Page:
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Limebite 06/23

Compensation cap and high-income threshold for unfair dismissals to increase from 1 July 2023

Joel Zyngier

Employers should be aware of the following important changes to the high-income threshold and compensation caps for unfair dismissal claims, which come into effect this Saturday 1 July 2023:

  • the high-income threshold for unfair dismissal applications will rise from $162,000 to $167,500, and
  • the maximum compensation amount for post-July 1 dismissal claims will increase from $81,000 to $83,750.

The increase to the high-income threshold will mean employees who are not covered by an award or agreement and earn an amount exceeding the threshold (based on their ‘annual rate of earnings’ as defined in the Fair Work Act and excluding superannuation) cannot make unfair dismissal claims.

Employers should remember:

  • it can sometimes be difficult to assess an employee’s annual rate of earnings to determine whether they earn over the high-income threshold
  • even high earning employees can be covered by an award or enterprise agreement, so an employee earning over the high-income threshold may still have unfair dismissal protection
  • any national system employee can make a general protections application, regardless of their rate of earnings or period of service, and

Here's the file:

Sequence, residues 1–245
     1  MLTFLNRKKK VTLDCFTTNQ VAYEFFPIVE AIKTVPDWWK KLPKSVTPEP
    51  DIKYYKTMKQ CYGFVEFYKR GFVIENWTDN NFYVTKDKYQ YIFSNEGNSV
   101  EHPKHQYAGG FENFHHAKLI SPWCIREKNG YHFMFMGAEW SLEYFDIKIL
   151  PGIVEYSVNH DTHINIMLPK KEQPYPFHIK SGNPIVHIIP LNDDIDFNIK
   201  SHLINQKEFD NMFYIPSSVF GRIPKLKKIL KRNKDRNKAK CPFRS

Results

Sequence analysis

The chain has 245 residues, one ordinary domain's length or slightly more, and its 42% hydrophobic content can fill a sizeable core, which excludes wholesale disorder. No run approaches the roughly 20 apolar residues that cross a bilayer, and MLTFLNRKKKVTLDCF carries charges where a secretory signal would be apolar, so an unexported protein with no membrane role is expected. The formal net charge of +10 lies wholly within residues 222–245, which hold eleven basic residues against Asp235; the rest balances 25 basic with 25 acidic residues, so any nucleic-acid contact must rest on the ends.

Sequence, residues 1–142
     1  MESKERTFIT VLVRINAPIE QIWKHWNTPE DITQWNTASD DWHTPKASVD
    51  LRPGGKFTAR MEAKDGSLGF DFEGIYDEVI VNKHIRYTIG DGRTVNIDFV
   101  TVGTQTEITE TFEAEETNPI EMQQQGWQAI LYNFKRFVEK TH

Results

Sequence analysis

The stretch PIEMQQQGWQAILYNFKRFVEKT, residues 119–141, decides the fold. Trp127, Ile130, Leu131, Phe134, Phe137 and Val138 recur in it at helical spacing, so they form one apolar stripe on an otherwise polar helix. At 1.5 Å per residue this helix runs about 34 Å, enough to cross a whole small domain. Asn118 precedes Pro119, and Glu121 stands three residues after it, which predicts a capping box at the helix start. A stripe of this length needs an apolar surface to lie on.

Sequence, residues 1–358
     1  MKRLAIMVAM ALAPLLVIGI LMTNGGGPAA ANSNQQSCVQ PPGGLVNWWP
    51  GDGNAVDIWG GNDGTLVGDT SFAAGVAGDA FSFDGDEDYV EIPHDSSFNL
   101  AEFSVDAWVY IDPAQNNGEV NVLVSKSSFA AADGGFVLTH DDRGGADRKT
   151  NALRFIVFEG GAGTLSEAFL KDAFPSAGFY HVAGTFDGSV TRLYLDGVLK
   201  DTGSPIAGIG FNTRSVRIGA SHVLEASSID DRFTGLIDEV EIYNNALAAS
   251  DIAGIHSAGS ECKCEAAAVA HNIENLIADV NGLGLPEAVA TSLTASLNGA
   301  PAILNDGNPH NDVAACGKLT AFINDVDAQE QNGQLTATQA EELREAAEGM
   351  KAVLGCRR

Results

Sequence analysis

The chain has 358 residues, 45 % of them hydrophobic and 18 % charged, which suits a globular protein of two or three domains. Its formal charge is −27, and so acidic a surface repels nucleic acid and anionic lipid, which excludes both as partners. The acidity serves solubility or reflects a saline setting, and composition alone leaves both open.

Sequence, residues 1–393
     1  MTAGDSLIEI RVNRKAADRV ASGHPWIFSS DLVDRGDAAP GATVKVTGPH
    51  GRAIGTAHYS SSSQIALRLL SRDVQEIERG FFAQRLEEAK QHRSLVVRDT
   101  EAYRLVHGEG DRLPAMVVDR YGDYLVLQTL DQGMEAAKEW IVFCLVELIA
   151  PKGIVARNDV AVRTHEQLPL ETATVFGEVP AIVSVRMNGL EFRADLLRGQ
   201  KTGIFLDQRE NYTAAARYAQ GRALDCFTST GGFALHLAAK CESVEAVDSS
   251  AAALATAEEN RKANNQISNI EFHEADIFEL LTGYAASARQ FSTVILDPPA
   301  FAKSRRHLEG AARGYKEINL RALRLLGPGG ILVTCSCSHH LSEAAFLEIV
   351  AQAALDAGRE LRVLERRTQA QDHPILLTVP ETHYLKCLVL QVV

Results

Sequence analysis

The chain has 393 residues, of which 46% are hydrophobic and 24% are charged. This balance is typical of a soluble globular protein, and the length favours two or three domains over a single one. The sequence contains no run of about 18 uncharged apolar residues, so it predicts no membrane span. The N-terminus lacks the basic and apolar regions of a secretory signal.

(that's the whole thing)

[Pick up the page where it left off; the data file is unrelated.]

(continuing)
• there is no compensation cap for a general protections application.

For these reasons, an employer should still obtain suitable advice before dismissing any employee.

The filing fee for unfair dismissal, general protections, and anti-bullying/sexual harassment applications will increase from $77.80 to $83.30, effective 1 July 2023. There is no fee to file a sexual harassment dispute application in the Fair Work Commission’s new sexual harassment jurisdiction.

Additionally, starting this Saturday, the national minimum wage will see an 8.6% increase, and all award rates will receive a boost of 5.75%.

The new weekly minimum wage will be $882.80, or $23.23 per hour.

Employers should take note of these developments and ensure they understand how the changes may affect the risk of potential unfair dismissal claims in their workforce. Employers should also ensure compliance with the increased minimum wage requirements to avoid contraventions of industrial laws.

Please contact our Workplace Law team with any queries about these matters.

This publication constitutes a summary of the information of the subject matter covered. This information is not intended to be nor should it be relied upon as legal or any other type of professional advice. For further information in relation to this subject matter please contact the author.